The radio is on in the kitchen next door, and Anna Del Conte is on Woman’s Hour talking about her new cookery book. I only have one of her books, ‘Entertaining all’Italiana’ but it is a favourite. I doubt if I am unusual, in that I have lots of cookery books, most of which I use for browsing through and usually just use one or two recipes from each. Indeed, some books read really well, but somehow I just never cook from them.
Nigel Slater is one of those. He really makes food sound good, but his slathers of butter and cream just don’t accord with what most of us eat so I take his ideas and adapt. And I have two books by Annie Bell, which are lovely to read, her ‘A Feast of Flavours’ is one of the most appealing vegetarian books I have but, I don’t know why, I don’t use it much. The other book of hers, co-written, I own is ‘Living and Eating’ which is just so prescriptive. They tell you just what is ‘good taste’, to the extent that they choose your plates and cutlery, which is a bit off-putting.
I’ve had Josceline Dimbleby’s ‘Favourite Food’ for over 20 years – I bought it (reduced!) in hardback but, like many books of the 1980s it is falling apart because it was not bound properly but the spine was just stuck together. I used one of my favourite recipes from that book just the other night*, and it’s probably one of my most cooked-from books. However, although I have several other of her books I don’t often use them – sometimes, I suspect, a cookery writer starts to get a bit too anxious for new ideas to fill a book he or she is contracted to produce and aims for over-complicated recipes or a more outré combination of ingredients to fill the pages. This happened to Nigella Lawson; ‘How to Eat’ is not only a really useful and entertainly practical book to read but has excellent recipes too, but some of her later ‘TV personality’ books don’t have nearly as much to recommend them.
I borrowed the Australian restauranteur Bill Granger’s book ‘Bill’s open kitchen’ from the library and liked it enough to ask Ro for it for Christmas. Very simple, delicious recipes which encourage you to use your imagination.
Can’t miss out Delia. Is there anyone in this country who doesn’t have one of her books? I have several and they are so useful. I do know one person, actually, my friend Caroline Young. For decades, whenever she admitted to being a cookery writer, she was greeted by a brightening face “Ooh, do you know Delia?” and she developed a bit of a ‘thing’ about it (although not about the lady herself who is apparently charming). Caroline wrote some excellent books. One, written with Katie Stewart, ‘Simply Good Food’ has several quick standbys and many good things. One recipe, for chicken in a tomato, pesto and crème frâiche sauce (I’ve just given all the ingredients) is one of the most useful (ie quick and tastes as if it’s more trouble than it is) I’ve ever had, and her strawberry icecream takes 5 minutes to put together, 20 minutes to freeze, which means you have got home-made icecream ready for the table in the time it takes you to eat your first course.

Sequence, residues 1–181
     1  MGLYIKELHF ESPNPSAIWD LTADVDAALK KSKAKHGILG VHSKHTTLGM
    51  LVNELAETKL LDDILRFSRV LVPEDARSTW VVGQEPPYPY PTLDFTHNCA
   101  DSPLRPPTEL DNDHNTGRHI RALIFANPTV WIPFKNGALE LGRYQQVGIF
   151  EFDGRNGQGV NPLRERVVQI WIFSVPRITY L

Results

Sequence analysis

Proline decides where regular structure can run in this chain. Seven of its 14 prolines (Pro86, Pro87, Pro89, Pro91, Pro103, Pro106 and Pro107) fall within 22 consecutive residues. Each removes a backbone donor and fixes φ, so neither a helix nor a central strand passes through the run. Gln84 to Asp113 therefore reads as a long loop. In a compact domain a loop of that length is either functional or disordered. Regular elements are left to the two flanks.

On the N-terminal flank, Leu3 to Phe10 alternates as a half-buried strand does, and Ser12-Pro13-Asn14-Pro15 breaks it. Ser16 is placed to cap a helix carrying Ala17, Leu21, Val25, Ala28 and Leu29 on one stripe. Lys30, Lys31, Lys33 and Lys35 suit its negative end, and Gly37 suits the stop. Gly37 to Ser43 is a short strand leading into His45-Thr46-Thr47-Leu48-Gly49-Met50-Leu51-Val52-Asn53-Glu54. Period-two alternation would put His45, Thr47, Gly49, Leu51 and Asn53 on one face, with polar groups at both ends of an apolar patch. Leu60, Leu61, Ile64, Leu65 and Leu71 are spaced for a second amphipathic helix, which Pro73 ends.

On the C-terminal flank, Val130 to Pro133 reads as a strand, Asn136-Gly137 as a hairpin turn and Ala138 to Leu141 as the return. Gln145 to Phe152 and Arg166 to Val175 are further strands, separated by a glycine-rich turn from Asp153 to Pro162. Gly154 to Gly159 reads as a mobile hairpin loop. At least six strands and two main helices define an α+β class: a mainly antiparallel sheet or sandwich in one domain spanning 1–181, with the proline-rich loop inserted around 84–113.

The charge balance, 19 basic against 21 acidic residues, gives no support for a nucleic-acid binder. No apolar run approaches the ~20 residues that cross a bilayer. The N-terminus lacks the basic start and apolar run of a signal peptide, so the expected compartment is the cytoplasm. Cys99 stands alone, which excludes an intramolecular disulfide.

I don’t think I should have started this – how can I leave out Elizabeth David (French Provincial Cooking is my favourite of hers), Jane Grigson and Sophie Grigson – I love Sophie Grigson’s puckish smile, dangly earrrings and sloping shoulders and the recipes are good too, and all the others whose books I appreciate, but I only sat down to write this on a brief whim and I think I’ve kept you long enough already.
*But this fabulous marinaded chicken is what we barbecued on Ro’s birthday this week.
1 small onion
Piece of fresh ginger, peeled
6-8 cloves of garlic
3 teaspoons ground coriander
2 teaspoons ground cumin
2 teaspoons ground cinnamon
1 teaspoons ground cardamon
half teaspoon ground cloves
half teaspoon cayenne pepper
3 tablespoons red wine vinegar
3 tablespoons oil
1 tablespoon tomato purée
1 teaspoon salt.
Put the lot (chopped a bit if appropriate) in the food processor, whizz, coat chicken pieces with the aromatic mess, leave for several hours, grill or barbecue until blackening. Don’t fry, somehow the flavours vanish. It’s aromatic, not hot and the garlic doesn’t overwhelm as its pungency is balanced by the other flavours so that none stands out.